Cult Pens started from a stationery shop in Dartmouth. People coming into the shop were excited to find some of the unusual pens they found once before and loved, but couldn’t get in the big shops. We’ve grown a bit over the years, with our range now standing at over 22,000 products. We were especially proud to win the Customer Award at the Internet Retail Awards back in 2014, beating such giants as ASOS, Ocado, Lovehoney and John Lewis.
Specifically, the Pilot G-Tec C4 was a favourite for a lot of people, who had once got one, then couldn’t get hold of them again. Simon and Amanda realised they could set up an online shop too, and people who were far from Dartmouth could get them too. So they did. And they did.
While we do stock many of the most commonly seen pens and pencils, a large percentage of our range is usually very hard to find. We import things from Japan, South Korea, Taiwan, the USA, and all around the world, that are not usually seen in the UK.
Cult Pens is based in Tiverton, in Devon. It’s a nice little town, with a canal and lots of rivers. Occasionally ducks decide to sit on our lawn, even though we’re in the middle of a business park. A snowy egret once spent a couple of hours relaxing in the oak tree outside our windows.
We once became a bit unexpectedly famous when Nigella Lawson blogged about her favourite pen, and pointed to us to get them. Suddenly all the UK’s stock of one reasonably unknown Japanese pen in a specific colour was flying out of our doors. Sadly, it was discontinued later. We’ve had orders from a few celebrities, but we’re not going to name any others - got to respect that client/pen shop confidentiality. Plus, I once made the mistake at a previous job of telling people I’d just spoken to Jenny Agutter. I was told by one colleague that if it happened again, he would happily kill me to take the call. She was very nice.
Five You Probably Didn’t Know
We once sponsored a rugby team. Being from Widnes, Amanda is a big fan of the Widnes Vikings, and it had long been her dream to sponsor a match - we finally made it, and we have a framed rugby kit with our logo, from the match.
We’ve grown a lot over the years, but Simon and Amanda planned ahead and rented a building space that was way bigger than we needed at the time. Might have been very optimistic, or perhaps more likely, took what was available. To start with, we used one room for everything. We spread out as we filled the space, into four rooms downstairs. In a stroke of luck, just as that was becoming really tight, the company upstairs moved out, so we took on the other floor of the building, and spread out into twice the space. It’s all pretty full now.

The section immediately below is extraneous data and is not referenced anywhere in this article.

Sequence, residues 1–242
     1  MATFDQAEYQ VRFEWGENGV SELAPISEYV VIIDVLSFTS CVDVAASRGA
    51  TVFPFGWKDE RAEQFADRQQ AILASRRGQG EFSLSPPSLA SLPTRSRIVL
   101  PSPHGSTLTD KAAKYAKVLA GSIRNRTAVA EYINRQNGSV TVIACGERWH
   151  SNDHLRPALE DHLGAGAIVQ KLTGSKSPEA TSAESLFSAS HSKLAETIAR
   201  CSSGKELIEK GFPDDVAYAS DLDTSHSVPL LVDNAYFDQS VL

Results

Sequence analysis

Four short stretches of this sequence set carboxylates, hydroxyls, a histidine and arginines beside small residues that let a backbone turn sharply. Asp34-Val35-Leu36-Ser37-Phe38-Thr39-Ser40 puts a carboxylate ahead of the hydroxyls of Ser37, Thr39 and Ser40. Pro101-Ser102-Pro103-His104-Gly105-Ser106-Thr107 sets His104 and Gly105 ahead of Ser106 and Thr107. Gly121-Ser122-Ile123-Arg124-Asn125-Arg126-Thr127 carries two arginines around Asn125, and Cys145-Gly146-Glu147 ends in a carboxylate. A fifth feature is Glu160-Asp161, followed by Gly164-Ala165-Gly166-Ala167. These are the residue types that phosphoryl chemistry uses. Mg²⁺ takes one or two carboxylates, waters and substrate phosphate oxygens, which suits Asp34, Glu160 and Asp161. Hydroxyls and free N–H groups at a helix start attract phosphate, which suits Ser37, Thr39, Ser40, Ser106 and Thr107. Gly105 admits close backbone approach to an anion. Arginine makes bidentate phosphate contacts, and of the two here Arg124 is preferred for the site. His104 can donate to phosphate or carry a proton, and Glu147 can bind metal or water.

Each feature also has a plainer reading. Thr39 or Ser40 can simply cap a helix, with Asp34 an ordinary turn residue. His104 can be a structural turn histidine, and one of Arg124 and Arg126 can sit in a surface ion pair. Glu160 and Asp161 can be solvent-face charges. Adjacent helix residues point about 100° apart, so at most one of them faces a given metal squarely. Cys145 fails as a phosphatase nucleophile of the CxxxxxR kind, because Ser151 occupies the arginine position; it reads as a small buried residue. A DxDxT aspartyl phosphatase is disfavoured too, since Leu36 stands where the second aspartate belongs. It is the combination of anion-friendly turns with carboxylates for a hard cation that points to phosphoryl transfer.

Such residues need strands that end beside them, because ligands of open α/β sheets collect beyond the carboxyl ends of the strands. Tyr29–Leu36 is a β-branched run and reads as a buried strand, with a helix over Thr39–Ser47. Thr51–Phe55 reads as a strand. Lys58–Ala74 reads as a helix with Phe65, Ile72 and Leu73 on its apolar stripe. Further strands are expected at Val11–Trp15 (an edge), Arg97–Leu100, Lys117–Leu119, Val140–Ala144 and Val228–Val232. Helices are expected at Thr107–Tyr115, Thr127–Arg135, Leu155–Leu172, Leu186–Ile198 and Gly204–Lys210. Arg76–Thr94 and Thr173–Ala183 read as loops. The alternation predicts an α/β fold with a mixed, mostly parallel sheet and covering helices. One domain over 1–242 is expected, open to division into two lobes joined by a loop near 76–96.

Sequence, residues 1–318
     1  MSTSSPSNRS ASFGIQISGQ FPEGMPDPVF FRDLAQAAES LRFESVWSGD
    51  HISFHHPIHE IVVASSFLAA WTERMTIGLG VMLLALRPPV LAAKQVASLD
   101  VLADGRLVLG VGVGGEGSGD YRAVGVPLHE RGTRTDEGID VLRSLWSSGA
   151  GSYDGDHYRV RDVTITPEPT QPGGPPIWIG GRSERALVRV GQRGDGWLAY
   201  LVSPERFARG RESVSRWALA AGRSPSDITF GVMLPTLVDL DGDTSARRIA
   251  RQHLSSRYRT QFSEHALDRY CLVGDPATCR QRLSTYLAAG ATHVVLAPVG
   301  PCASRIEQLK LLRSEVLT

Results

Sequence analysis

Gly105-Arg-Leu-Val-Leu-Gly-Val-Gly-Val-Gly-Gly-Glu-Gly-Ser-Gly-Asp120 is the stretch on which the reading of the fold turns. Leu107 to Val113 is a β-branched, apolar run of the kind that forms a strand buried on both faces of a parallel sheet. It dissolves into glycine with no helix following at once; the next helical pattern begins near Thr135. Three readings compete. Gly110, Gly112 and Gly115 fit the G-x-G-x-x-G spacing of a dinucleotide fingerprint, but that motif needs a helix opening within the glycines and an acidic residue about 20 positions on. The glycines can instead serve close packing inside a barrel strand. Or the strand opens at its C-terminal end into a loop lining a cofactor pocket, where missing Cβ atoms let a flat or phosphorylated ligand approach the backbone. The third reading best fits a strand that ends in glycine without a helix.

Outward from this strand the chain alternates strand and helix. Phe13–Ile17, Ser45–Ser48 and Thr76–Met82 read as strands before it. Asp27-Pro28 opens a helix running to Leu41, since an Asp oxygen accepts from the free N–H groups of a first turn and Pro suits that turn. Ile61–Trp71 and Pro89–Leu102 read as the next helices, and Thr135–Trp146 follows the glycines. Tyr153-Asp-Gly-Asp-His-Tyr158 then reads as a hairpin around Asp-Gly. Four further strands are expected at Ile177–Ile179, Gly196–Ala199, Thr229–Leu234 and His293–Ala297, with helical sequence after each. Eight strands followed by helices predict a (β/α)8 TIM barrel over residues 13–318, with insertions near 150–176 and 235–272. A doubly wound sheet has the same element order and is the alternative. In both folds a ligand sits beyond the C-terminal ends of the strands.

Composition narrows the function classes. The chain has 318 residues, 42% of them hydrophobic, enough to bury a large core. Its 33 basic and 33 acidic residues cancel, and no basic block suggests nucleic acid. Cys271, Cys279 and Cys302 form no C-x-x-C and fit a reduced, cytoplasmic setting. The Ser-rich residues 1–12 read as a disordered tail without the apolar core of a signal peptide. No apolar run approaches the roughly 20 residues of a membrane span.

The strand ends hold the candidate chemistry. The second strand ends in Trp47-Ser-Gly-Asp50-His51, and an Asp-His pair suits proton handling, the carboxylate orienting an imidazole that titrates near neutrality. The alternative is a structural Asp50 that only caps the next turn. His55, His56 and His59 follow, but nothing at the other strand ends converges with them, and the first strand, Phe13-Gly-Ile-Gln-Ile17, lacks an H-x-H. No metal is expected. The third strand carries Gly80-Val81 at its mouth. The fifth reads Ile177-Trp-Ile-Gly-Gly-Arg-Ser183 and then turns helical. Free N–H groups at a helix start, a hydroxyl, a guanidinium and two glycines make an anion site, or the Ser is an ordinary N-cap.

Related to that, in the early days, we got Royal Mail to collect our packages, and they popped round once a day with a little van. Now they have to bring the local office’s biggest vans, and make two trips a day. Posties are generally a cheerful bunch, though, so it’s nice to have more visits from them.
There’s a city called London. It’s in the county of Middlesex, and it’s on the River Thames. In Canada. That’s not really relevant to this, but it’s interesting. Wikipedia.
We have our own custom game of Mon... er. A generic property trading game. It was made for us by International Ridicule, who make custom boards for anything you want, along with fan games for all sorts of films, TV shows and bands. We have pencil sharpeners for player pieces, shelves and drawer units for houses and hotels, and pen ranges for properties. Most of the cards are silly in jokes.
Five You Almost Certainly Didn’t Know
At our Christmas parties, we used to play a game. Someone started with “I went shopping at Cult Pens and I bought...” and named a product beginning with ‘A’. The next person had to recite the same, but adding something beginning with ‘B’. And so on. As we got more people, it became a bit unwieldy, especially if the party was somewhere other people were too - not so bad in a private room. You’d end up with something like with “I went shopping at Cult Pens and I bought an Atoma notebook, a bottle of Diamine Burnt Sienna, a Copic Sketch in Frost Blue, ... J, J, er, Jotter!”
Sales reps can be entertaining. Naming no names, an employee once reversed into a rep’s car. Reps who talked to Simon and ignored Amanda didn’t usually get very far. And one set off our fire alarm by setting off the emergency button when trying to get out to get something from his car. It took quite a while for us to work out how to stop it again - it’s not easy to think when there’s a fire alarm going off in the room!
We almost have our own language. Grr Boggle Grr when we’re angry, Chacking is the combination of checking an order someone has picked, and packing it for posting. Chit Chits are biscuits, so brushing biscuit crumbs off yourself is Doing the Chit Chit Dance. The Cavalry is the team of office staff who double up as part of the ‘operations’ team to help with picking and packing orders at busy times. The only problem is it sounds too much like ‘carvery’, so it makes us hungry. Maybe when The Fisherman’s Cot opens up again.
We name the different rooms we have stock kept in as sectors. Sector 3 is downstairs, Sector 4 is upstairs. It just sounded good, a bit sci-fi. We also have one room upstairs with open slats instead of windows, which is just called ‘The Cold Room’ - only used for storing stuff that won’t be hurt by getting cold. No precious pens or pencils are allowed in there!
The number 222 has some sort of significance for us, but none of us can really explain how it came to be. Picking boxes are numbered, and box 222 became ‘222, come on and do the conga’, picking in a conga line. Doing the conga didn’t really scale well as we grew, but the number remained important to us.